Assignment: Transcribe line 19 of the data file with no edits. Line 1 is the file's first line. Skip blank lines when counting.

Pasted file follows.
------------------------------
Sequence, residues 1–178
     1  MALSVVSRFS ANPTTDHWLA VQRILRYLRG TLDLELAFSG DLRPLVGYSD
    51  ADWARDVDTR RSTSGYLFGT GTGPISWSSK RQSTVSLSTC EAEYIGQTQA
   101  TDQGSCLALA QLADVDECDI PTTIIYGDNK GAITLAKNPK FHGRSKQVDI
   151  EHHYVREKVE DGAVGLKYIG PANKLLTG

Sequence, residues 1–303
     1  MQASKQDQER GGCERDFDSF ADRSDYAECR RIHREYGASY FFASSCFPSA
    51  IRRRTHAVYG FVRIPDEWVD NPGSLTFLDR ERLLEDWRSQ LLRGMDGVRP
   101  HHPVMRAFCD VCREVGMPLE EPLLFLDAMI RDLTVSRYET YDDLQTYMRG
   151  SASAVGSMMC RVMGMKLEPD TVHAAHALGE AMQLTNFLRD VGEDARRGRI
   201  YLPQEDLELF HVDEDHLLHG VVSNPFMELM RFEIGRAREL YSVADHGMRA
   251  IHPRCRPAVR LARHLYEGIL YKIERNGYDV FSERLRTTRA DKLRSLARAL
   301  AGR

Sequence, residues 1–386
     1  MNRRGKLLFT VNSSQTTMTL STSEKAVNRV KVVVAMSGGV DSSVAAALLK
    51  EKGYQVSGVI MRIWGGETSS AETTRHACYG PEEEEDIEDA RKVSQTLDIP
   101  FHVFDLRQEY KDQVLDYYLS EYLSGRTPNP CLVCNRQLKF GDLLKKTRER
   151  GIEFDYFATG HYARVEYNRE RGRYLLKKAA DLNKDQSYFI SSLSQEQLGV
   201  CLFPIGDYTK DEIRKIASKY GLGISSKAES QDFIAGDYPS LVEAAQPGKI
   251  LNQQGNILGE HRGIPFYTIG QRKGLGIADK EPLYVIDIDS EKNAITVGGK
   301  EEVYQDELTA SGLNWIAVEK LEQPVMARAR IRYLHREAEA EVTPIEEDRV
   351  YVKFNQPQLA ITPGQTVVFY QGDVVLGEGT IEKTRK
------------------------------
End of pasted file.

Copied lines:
   201  CLFPIGDYTK DEIRKIASKY GLGISSKAES QDFIAGDYPS LVEAAQPGKI